Firearm amnesty limits chances

The National Firearms Amnesty will start next Saturday and police believe it is a positive initiative for people in rural and remote communities.

The Gun Amnesty was discussed at the Rural Crime Advisory Group Meeting at the Nyngan RSL on Tuesday. 

Darling River Local Area Command Crime Manager Acting Superintendent, Commander Rodney Grant told The Nyngan Observer at the meeting he believes this is a positive movement for everyone.

“This is good for everyone, there’s a potential to reduce firearm offence on properties, people having livestock shot, firearm trafficking is less available and less danger of a gun accidentally going off,” he said. 

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“There is less potential for stealing at properties and use for crime.”

The three month amnesty which will run from July 1 to September 30 is federal government initiative aiming to reduce a unregistered firearms in the community. 

During the amnesty people can hand in unregistered firearms or firearm-related items for registration or destruction without penalty or fear or prosecution.  

“It might be firearms that have been handed down from a deceased estate or people don't need them anymore, and maybe there were some that were left behind in the last round 20 years ago and people feel they may want to rid themselves of those firearms and this is a great opportunity to do that,” Parkes Electorate MP Mark Coulton said.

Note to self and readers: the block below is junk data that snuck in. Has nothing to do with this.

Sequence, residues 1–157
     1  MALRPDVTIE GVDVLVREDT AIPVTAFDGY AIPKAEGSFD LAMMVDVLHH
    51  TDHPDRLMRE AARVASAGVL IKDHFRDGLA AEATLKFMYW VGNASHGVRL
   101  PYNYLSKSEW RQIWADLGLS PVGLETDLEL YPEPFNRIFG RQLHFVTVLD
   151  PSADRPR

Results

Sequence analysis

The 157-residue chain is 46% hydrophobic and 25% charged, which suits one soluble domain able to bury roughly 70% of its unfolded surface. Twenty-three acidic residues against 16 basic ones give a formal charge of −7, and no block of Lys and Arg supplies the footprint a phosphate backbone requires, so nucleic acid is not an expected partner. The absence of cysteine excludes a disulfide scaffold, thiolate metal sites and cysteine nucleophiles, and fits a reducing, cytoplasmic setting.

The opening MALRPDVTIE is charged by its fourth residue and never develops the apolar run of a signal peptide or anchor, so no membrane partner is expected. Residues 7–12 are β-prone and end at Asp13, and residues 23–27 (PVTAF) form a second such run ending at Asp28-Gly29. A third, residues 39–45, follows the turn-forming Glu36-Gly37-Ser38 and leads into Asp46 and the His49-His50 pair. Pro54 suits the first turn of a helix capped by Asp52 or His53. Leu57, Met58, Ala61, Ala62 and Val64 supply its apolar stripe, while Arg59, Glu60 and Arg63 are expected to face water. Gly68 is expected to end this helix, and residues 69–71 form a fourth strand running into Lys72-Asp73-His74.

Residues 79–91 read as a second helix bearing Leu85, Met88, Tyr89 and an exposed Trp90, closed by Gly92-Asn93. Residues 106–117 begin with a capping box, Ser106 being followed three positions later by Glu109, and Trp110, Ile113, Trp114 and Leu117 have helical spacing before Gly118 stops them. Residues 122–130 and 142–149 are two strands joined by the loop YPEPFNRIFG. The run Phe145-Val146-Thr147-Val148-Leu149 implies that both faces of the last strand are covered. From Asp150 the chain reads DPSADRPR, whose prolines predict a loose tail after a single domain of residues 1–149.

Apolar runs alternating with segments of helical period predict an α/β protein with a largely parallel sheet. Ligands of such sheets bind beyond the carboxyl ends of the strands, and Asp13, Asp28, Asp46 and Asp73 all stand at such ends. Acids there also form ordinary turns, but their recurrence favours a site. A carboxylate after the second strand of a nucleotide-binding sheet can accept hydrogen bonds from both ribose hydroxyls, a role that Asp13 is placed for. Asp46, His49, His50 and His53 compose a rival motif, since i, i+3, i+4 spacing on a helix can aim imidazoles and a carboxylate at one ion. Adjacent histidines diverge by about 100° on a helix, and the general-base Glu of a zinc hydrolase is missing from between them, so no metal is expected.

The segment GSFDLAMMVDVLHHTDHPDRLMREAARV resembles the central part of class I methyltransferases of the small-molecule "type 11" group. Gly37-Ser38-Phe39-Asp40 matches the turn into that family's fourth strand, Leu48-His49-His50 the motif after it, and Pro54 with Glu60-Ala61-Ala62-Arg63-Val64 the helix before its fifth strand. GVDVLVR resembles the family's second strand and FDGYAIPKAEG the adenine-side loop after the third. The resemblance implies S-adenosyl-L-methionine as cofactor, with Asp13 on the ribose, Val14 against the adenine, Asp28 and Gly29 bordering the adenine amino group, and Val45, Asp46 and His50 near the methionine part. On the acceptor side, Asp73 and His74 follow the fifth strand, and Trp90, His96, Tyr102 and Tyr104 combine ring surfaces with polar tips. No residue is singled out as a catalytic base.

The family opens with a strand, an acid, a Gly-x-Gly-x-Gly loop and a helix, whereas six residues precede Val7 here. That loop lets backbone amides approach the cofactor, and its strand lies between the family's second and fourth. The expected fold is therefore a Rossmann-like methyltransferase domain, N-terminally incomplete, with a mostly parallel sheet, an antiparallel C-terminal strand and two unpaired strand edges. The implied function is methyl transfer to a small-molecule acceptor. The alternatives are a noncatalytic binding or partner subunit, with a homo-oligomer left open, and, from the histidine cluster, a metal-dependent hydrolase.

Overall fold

Mr Coulton acknowledged Australia has a problem with illegal firearms, but said the government had no expectation “the criminals are going to hand in their pistols”.

People feel they may want to rid themselves of those firearms and this is a great opportunity to do that,

Mark Coulton.

“At the same time this is not targeting law-abiding gun owners,” Mr Coulton said.

“It's just that if you have a firearm that's no longer needed, it's an opportunity to hand them in.”

The government estimates there are 260,000 illegal guns in the community across Australia.